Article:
Dir: Frank Coraci. US. 2006. 95mins.
The raunchy man-boy of Adam Sandler'searly hits has grown up to become an overworked young dad in Click, a predictable yet sneakilyeffective comedy from the writers of the similarly high-concept Bruce Almighty. Less of a departure for Sandler than Spanglish or Punch-DrunkLove, but not as straightforwardly comical as 50 First Dates or Big Daddy,this Columbia/Revolution production is not an obvious summer winner. But bybringing in family audiences as well as its star's traditional male fan base itcould give the remarkably consistent (in the US at least) Sandleranother sizeable box office success.
The North American launchcomes this weekend, a little later in the summer than the opening of Sandler's $158.1m 2005 hit The Longest Yard. The challenge for Columbia will be to get Click off to a big enough start towithstand fast-approaching competition from more conventional summer releases Superman Returns and Pirates Of The Caribbean:Dead Man's Chest.
Sandler has never scored big internationally, but Click's family theme should help itout-gross The Longest Yard (whoseAmerican football content kept the international take down to $32.2m) andperhaps do as well as 50 First Dates(which reached $75.6m outside North America). The movie opens on June 22 inAustralia - one of Sandler's healthiest overseasterritories - but will not reach most other markets until late summer or earlyautumn.
Steve Korenand Mark O'Keefe were obviously still thinking about some of Bruce Almighty's themes - as well,perhaps, as It's A Wonderful Life andA Christmas Carol - when they wrotethe story of Michael Newman (Sandler), a hard-workingarchitect whose busy career leaves too little time for his wife (Beckinsale) and kids.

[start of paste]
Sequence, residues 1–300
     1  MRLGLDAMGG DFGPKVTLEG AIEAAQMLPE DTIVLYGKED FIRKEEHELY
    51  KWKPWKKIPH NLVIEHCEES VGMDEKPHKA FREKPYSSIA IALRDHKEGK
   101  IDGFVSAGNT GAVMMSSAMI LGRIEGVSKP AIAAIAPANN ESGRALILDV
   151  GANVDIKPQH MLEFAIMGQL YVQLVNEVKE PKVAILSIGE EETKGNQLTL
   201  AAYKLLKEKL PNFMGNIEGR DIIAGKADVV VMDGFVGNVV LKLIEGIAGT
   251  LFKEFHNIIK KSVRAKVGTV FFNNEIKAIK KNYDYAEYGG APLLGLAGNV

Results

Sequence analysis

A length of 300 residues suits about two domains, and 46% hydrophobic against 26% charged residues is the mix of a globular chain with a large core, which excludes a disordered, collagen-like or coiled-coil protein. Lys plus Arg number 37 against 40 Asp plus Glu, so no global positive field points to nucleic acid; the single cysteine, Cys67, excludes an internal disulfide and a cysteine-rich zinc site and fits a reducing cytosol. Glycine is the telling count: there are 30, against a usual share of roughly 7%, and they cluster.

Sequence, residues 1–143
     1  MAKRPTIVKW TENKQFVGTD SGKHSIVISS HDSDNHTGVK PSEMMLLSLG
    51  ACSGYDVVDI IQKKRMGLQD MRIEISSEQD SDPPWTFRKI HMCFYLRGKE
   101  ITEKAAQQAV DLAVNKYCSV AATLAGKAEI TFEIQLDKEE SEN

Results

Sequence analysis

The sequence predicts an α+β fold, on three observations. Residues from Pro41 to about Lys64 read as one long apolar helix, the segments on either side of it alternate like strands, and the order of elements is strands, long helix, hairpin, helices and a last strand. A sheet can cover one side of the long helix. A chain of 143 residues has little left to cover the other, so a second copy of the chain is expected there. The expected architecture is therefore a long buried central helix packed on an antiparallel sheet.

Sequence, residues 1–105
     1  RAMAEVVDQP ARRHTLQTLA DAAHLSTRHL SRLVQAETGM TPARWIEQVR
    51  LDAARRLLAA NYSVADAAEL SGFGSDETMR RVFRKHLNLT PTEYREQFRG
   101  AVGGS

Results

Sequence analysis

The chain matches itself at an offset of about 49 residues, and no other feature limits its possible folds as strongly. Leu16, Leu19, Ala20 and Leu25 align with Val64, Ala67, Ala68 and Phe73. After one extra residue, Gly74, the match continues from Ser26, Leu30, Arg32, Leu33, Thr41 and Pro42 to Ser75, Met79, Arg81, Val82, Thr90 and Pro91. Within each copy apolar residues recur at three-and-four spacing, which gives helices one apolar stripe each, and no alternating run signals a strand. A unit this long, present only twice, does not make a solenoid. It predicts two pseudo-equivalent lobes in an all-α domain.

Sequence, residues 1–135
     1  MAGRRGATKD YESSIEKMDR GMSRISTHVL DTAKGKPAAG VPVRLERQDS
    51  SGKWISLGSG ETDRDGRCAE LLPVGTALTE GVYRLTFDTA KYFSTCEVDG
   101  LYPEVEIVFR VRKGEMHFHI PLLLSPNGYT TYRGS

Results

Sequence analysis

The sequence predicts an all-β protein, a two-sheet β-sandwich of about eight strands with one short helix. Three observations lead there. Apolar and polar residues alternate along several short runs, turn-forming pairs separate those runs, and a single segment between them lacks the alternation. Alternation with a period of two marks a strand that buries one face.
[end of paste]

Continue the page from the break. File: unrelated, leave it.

Struggling to keep even hishousehold gadgets in order, Michael buys a universal remote control from amysterious salesman (Walken). The device turns out tohave magical powers, allowing Michael to mute his barking dog, fast-forwardthrough marital rows and freeze-frame his obnoxious boss (Hasselhoff).The trouble begins when the remote starts to make Michael's decisions for him,zapping him past troublesome and ever longer episodes in his life.
The obviously far-fetchedconcept isn't as skilfully spun out as it was in Bruce Almighty and the fantasyelement doesn't always mix well with Sandler's roughand ready acting or the directing style of Frank Coraci(who made Sandler's early hits The Wedding Singer and The Waterboy, as well as 2004 flop Around The World In 80 Days).
The film goes through aparticularly jarring change of tone two-thirds of the way through, when lightand occasionally raunchy comedy gives way to some unexpectedly morbid andmawkish drama. (The drama gives way in its turn to a Capra-esque/Dickensianhappy ending.)
The day is just about saved,however, by Sandler's appealing performance in a rolewith which many young fathers will readily identify. Having recently shownhimself capable of romantic comedy and relatively edgy drama, the former Saturday Night Live comedian here showsan easy aptitude for family comedy that should broaden his career options evenfurther.
Themovie's appeal is also boosted by some enjoyable supporting performances.Parodying his Baywatch hunk persona, DavidHasselhoff delivers some broad laughs as the skiving,randy head of Michael's firm. Kate Beckinsale isunderused as Michael's tolerant spouse but Henry Winkler and Julie Kavner are cute as the hero's loving parents. Christopher Walken does his now familiar trick of adding a nicely weirdedge to the otherwise rather bland comedy.
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